Burris: Education benefits, equitable relief

Burris v. Wilkie888 F.3d 1352 (May 2, 2018)

HELD: The CAVC lacks the authority to grant substantive (i.e., monetary) equitable relief. 

SUMMARY: In this consolidated case, the sons of two veterans were denied equitable relief for extension of education benefits and reimbursement of education-related expenses. In both cases, the Board held that it did not have the “authority to grant additional benefits on an equitable basis.” The CAVC affirmed the Board’s decisions in both cases, holding that only the Secretary can grant equitable relief in certain circumstances and that the CAVC itself lacked authority to grant such relief. 

On appeal to the Federal Circuit, the appellants argued that the CAVC wrongly determined that it lacked jurisdiction to grant equitable relief. The Federal Circuit disagreed, noting that the relevant statute regarding equitable relief, 38 U.S.C. § 503, only allows the Secretary to provide such relief – not the Court. The Federal Circuit further found that the CAVC’s inherent equitable powers do not allow it to grant the equitable relief sought by the appellants in these cases – namely, monetary relief. The Court acknowledged that the CAVC does have the “authority to grant certain forms of non-substantive equitable relief,” such as the authority to certify classes, issue judgment nunc pro tunc, and consider equitable defenses. However, the Court found that those forms of relief were either based on other statutes or were procedural – and were not the same as the monetary relief sought in the present cases. The Court thus held that the CAVC correctly affirmed the Board’s decisions – and correctly determined that it lacked authority to grant this type of equitable relief.  



Eicher v. Shulkin, docket no. 15-1896 (Apr. 19, 2017)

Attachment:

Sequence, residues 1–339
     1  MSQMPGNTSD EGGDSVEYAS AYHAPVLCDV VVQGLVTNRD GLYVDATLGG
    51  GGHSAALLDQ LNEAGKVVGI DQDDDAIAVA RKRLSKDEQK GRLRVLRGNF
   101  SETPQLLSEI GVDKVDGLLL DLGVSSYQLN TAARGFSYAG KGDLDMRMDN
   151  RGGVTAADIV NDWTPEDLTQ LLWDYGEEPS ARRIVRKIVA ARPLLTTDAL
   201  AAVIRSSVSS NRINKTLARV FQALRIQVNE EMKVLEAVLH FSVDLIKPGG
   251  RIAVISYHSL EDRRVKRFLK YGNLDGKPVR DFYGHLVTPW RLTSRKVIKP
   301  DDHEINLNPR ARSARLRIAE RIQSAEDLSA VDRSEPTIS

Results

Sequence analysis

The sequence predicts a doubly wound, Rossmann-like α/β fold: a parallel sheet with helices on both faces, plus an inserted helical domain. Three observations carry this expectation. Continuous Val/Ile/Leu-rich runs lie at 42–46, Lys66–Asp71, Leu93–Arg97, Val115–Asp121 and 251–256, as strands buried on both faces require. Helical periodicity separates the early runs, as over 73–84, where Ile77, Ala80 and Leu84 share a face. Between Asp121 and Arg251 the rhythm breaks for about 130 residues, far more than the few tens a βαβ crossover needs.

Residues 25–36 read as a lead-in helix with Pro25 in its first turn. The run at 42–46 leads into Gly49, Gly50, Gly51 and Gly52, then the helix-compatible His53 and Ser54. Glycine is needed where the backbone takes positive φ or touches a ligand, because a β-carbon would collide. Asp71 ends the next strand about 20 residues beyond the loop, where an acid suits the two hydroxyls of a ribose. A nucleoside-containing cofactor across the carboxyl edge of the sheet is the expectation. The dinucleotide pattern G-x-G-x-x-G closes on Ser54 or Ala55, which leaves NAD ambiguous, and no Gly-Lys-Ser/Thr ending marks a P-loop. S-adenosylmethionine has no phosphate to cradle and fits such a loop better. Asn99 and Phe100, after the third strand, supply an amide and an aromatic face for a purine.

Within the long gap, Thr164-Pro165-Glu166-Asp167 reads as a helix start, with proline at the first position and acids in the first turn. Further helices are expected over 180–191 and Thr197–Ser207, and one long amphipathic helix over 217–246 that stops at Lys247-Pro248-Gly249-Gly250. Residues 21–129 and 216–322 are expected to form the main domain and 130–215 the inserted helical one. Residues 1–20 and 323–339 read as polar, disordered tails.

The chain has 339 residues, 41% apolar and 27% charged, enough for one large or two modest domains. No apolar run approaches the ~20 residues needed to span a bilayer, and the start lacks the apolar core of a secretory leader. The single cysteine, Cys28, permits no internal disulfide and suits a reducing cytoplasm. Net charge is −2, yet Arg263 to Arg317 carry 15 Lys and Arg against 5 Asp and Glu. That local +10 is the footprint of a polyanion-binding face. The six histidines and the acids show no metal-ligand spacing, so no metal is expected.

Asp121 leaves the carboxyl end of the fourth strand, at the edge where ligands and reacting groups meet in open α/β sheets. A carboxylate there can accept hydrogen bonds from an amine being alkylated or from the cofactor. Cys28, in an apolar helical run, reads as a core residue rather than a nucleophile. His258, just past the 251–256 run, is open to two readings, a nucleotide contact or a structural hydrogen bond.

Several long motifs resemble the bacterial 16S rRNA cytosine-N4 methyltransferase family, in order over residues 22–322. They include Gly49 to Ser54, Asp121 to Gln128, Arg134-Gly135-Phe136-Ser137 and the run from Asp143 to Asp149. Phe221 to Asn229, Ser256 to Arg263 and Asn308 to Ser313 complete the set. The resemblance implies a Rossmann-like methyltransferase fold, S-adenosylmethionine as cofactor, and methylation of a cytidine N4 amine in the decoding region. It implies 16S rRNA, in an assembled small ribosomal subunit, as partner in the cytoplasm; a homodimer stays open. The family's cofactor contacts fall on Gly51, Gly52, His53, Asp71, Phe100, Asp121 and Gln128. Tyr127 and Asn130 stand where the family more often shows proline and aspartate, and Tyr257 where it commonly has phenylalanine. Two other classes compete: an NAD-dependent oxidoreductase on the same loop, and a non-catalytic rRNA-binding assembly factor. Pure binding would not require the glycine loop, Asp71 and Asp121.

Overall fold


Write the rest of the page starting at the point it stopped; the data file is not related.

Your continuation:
HELD: “Post-9/11 GI Bill education benefits cannot be used to pay for a nonaccredited program at a foreign educational institution taken by distance learning” and the Court cannot grant benefits on the basis of equitable estoppel. Only the Secretary “has the power to grant equitable relief where administrative error leads to a denial of benefits.”

SUMMARY: Veteran James Eicher applied for VA education benefits to take an online Masters program through a foreign institution. The veteran corresponded with VA and the University via email, requesting an update on the status of his application. In an email, a VA representative stated that the “program was approved” and that a letter with information regarding the approval had been sent. The letter stated that such programs “are approved for in-resident training only” and required in-person attendance “in a formal classroom setting.” The veteran submitted a second electronic application, and received a letter from VA notifying him that he was entitled to “benefits for an approved program of education or training.” The letter instructed him to have his school certify his enrollment before he could get paid.